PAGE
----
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Concrete Thickness For A Shed

Concrete is a great foundation and flooring material. The best concrete thickness for a shed tends to be 4 inches which is the standard size used for most residential concrete patios, walkways and sidewalks. You can pour 6-8 inches if your storing something heavier but it’s rare. Concrete slabs are typically poured over 4-8 inches of compacted gravel and earth. A finished slab is durable, looks good, doubles as a floor and foundation, and is a great DIY project. It’s also easy to clean and resists stains. Especially if you seal it. And concrete isn’t affected by moisture or rot which makes it a much better flooring material than wood. Concrete shed floors can even be built ground level which in many cases eliminates the need for a ramp or steps.

For most sheds, 4” of concrete will be thick enough to support the entire structure which eliminates the need for footings. While some small sheds can be supported with only 3”, I still recommend at least 4″. Larger sheds or those who house a lot of weight can be built with a 6-8 inch shed. Vary your base thickness to match the amount of concrete your using.

I like to make the edges of my shed floors a little thicker than the slab. Especially if your not pouring footings. For example, a typical 4″ thick shed slab would have 6-8 inch thick edges. This is called a thickened edge. It helps protect against cracks and breakage at the edges where the shed walls rest. It also provides more concrete if your using tie down bolts.

Many Factors Affect Slab Thickness

The thickness of your shed’s concrete should vary based on a few important factors.

  • Use. If your using the shed for standard things like a lawnmower or snow blower than a 4″ thick slab is more than enough. But if your storing heavier equipment or machinery that vibrates a lot you may want to go a little thicker.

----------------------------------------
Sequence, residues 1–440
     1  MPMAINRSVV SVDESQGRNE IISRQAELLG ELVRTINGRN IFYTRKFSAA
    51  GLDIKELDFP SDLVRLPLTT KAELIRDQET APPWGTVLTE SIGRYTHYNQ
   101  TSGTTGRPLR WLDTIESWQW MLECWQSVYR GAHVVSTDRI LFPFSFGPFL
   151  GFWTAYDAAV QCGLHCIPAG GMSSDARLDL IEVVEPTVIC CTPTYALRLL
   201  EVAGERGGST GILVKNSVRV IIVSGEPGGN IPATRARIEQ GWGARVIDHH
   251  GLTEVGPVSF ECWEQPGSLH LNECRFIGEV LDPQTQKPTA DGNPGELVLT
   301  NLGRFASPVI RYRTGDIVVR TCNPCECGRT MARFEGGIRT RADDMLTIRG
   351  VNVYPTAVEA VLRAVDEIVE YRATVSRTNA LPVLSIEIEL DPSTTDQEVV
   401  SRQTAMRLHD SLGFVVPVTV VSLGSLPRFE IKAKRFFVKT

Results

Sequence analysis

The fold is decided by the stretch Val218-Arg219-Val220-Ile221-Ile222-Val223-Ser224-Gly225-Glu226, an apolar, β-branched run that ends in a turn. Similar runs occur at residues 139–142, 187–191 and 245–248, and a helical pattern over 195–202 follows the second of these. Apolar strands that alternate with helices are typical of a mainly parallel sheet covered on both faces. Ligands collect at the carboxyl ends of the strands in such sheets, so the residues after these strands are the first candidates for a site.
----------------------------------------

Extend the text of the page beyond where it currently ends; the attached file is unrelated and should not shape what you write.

• Construction. If your shed’s concrete is not only it’s floor but also it’s foundation then you may need to go a little thicker, at least around the edges. I recommend adding an edge thickness of 6-8 inches for a 4 inch slab but if your shed is really heavy you may have to go as thick as a foot.
  • Soil. A concrete slab built on solid ground can be thinner than one that’s built on bad soil. Some soil is prone to sinking and voids which can crack concrete. Extra strength may be needed which means more concrete.
  • Weather. A slab subject to severe winters with heavy snow loads and constant freeze/thaw cycles will be different than one built in a warm climate.

Once you decide on the style, shape and size of your shed, you should size the concrete slab’s thickness to meet the requirements you’ll need. These requirements are to support both the shed itself and it’s intended use.

concrete slab before the shed is built

Concrete slab before the shed is built.

A Solid Base

The base under a concrete slab is very important. Sometimes even more so than the thickness of the slab.

Concrete should be poured on a base of compacted gravel over compacted soil. The depth of the gravel base, and the type of gravel used, can vary by location. Local building codes often regulate the size of the base and type of gravel you can use, based on where the frost line is. Freezing can create movement and cause cracks in the concrete which can be prevented with a solid base.

Make sure the ground is compacted first. There’s no sense pouring and compacting a base if the soil below settles. Remember, with concrete your only as strong as your lowest level. If the ground below sinks, the base can fall into the void and then crack the concrete.